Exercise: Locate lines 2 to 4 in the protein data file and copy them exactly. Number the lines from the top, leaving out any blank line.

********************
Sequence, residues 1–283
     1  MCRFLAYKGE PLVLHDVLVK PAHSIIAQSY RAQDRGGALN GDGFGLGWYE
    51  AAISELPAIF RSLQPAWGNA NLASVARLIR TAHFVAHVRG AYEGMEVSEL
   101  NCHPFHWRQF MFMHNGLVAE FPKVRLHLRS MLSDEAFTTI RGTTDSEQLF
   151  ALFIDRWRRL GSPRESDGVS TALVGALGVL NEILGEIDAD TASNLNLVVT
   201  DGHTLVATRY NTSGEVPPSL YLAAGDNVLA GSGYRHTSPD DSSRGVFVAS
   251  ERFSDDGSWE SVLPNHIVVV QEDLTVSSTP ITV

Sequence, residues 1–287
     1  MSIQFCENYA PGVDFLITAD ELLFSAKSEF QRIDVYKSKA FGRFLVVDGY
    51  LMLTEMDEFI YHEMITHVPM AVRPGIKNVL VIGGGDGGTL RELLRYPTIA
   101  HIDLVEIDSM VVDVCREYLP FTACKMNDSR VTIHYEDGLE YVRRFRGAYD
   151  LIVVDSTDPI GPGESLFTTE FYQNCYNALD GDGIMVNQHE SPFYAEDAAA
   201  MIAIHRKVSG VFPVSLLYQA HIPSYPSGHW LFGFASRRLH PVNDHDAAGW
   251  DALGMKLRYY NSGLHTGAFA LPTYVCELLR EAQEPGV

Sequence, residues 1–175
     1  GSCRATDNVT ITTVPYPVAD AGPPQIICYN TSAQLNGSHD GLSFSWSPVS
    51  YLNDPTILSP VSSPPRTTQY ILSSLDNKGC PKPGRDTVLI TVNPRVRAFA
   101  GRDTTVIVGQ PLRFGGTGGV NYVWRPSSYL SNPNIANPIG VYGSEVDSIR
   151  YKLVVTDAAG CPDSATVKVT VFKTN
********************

     1  MCRFLAYKGE PLVLHDVLVK PAHSIIAQSY RAQDRGGALN GDGFGLGWYE
    51  AAISELPAIF RSLQPAWGNA NLASVARLIR TAHFVAHVRG AYEGMEVSEL
   101  NCHPFHWRQF MFMHNGLVAE FPKVRLHLRS MLSDEAFTTI RGTTDSEQLF